Spring Time Gardening – Which Plants Can Poison Your Pets


Poisonous plants for cats

We’ve all been praying for warmer weather and springtime. And, just like humans, your pets have been looking forward to warmer weather as well. If you have dogs and cats who are inside/outside animals, there are certain plants that you’re going to want to be careful of because they can be poisonous.

We’re not including lawns and grasses here but you do know that certain lawn pesticides can be problematic for your animals.

No, we’re talking about shrubs, vines, herbs and even flowers and trees that can poison your furry best friend. Here’s some information you can use and if you click on this link you can download and print a copy of the poisonous plants list from the Humane Society.

Not every part of a plant is toxic but we will tell you what parts are or, conversely, which plans are poisonous in their entirety.


Autumn crocus: While this post is really about spring flowers, shrubs and vines if you plant autumn crocus bulbs in the spring they can poison your pets. The entire plant is toxic but if you like the flowers – especially in a fall garden that is dying back – plant them deeply in a container and hang it in a place where neither your cat nor your dog can get to it.

Bird of paradise: Only the pods of this plant are toxic so that’s what you need to look out for.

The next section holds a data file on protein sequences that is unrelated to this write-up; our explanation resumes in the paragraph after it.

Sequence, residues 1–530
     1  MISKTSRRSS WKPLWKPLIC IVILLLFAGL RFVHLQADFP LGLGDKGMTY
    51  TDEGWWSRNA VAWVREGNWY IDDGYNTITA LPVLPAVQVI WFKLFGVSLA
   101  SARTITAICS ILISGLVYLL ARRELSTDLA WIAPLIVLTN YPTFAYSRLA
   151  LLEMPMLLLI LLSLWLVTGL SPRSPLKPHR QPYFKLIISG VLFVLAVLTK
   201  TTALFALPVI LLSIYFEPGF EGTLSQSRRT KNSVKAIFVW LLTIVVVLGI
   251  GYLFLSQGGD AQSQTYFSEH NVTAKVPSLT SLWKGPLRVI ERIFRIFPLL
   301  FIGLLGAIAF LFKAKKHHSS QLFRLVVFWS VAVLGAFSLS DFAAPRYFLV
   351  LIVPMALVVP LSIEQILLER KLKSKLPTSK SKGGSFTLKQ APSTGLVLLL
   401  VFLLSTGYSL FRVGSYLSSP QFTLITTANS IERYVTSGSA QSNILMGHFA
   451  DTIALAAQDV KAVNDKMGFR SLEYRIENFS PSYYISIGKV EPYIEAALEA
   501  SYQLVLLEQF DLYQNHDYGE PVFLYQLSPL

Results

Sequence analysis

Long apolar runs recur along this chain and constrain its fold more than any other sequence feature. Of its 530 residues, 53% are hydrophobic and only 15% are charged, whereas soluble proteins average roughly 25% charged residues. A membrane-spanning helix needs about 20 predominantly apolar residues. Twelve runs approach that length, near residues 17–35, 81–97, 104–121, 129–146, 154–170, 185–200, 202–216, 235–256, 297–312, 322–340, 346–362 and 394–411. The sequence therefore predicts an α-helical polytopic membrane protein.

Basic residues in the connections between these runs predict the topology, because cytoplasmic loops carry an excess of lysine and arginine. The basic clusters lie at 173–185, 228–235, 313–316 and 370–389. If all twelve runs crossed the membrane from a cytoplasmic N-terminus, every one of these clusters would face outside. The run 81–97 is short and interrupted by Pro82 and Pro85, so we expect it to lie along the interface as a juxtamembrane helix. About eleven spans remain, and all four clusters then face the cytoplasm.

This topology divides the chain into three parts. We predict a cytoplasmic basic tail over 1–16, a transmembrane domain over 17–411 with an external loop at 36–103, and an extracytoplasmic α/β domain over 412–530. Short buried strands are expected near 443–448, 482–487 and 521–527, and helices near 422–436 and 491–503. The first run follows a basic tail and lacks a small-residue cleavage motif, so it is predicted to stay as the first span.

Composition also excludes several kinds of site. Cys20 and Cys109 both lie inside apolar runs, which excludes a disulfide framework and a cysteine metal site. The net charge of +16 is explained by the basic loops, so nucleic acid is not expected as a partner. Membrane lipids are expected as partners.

Daffodils: If you have a dog like a Jack Russell terrier whose middle name is “dig”, you want to make sure you do not plant your daffodils directly into the garden. The bulbs are poisonous to pets.

Jack in the pulpit: We love this wildflower but it’s not friendly to animals. The entire plant is poisonous, especially the roots and leaves.


Holly: This beautiful shrub produces berries in the fall and winter and also drops them on the ground. And it’s the berries that are toxic to animals.

Lupines: Lupines are a flowering shrub that are native to desert and drier areas. If you live in this kind of climate, please know that the seeds and pods are toxic to cats and dogs.

What Plants Can Poison Your Pets

Garden Plants and Flowers

Potato: If you’re planning to grow potatoes in your garden this year, know that the shoots and sprouts of potatoes are poisonous to animals.

Nicotiana: Also known as a tobacco plant, the leaves of this garden flower are quite poisonous.

Philodendron: Many homeowners choose to put their house plants outside in the spring, summer and fall. Your philodendrons should either be kept inside or placed up high enough that dogs or cats can reach them. The entire plant is poisonous.

English ivy: This is actually an ornamental vine but we wanted to include it in the garden plants category. The entire plant is toxic especially the leaves and berries so keep it away from pets.

Download and print the entire poisonous plant list from the Humane Society and keep it handy to keep your pets happy and healthy.

Image credit: istockphoto.com

WagBrag’s co-founder, Russ Boles, has a deep history in animal rescue and welfare. For the past 12 years, Russ has served in various roles with Atlanta-based animal advocacy organizations focused on rescue, training and education. In addition, Russ led a local rescue volunteer team into New Orleans immediately after Hurricane Katrina, assisting in efforts to rescue and care for stranded animals. This experience changed his life, and animal rescue and advocacy will always be a part of everything he does.